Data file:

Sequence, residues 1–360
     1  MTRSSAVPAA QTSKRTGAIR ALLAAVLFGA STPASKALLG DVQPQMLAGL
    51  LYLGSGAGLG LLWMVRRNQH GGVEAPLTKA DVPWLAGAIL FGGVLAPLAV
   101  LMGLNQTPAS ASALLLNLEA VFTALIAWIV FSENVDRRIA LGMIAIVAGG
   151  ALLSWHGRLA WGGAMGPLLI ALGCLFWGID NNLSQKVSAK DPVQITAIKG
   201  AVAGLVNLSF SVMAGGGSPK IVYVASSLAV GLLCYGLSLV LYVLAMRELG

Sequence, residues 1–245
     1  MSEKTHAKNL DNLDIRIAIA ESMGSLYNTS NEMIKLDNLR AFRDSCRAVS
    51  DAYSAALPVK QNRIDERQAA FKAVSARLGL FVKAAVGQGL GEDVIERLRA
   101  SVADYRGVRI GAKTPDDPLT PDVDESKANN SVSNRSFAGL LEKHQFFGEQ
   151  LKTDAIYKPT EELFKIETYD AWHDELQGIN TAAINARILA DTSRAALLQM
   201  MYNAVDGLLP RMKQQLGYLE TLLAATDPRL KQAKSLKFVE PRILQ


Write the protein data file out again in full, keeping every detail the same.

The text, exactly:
Sequence, residues 1–360
     1  MTRSSAVPAA QTSKRTGAIR ALLAAVLFGA STPASKALLG DVQPQMLAGL
    51  LYLGSGAGLG LLWMVRRNQH GGVEAPLTKA DVPWLAGAIL FGGVLAPLAV
   101  LMGLNQTPAS ASALLLNLEA VFTALIAWIV FSENVDRRIA LGMIAIVAGG
   151  ALLSWHGRLA WGGAMGPLLI ALGCLFWGID NNLSQKVSAK DPVQITAIKG
   201  AVAGLVNLSF SVMAGGGSPK IVYVASSLAV GLLCYGLSLV LYVLAMRELG

Sequence, residues 1–245
     1  MSEKTHAKNL DNLDIRIAIA ESMGSLYNTS NEMIKLDNLR AFRDSCRAVS
    51  DAYSAALPVK QNRIDERQAA FKAVSARLGL FVKAAVGQGL GEDVIERLRA
   101  SVADYRGVRI GAKTPDDPLT PDVDESKANN SVSNRSFAGL LEKHQFFGEQ
   151  LKTDAIYKPT EELFKIETYD AWHDELQGIN TAAINARILA DTSRAALLQM
   201  MYNAVDGLLP RMKQQLGYLE TLLAATDPRL KQAKSLKFVE PRILQ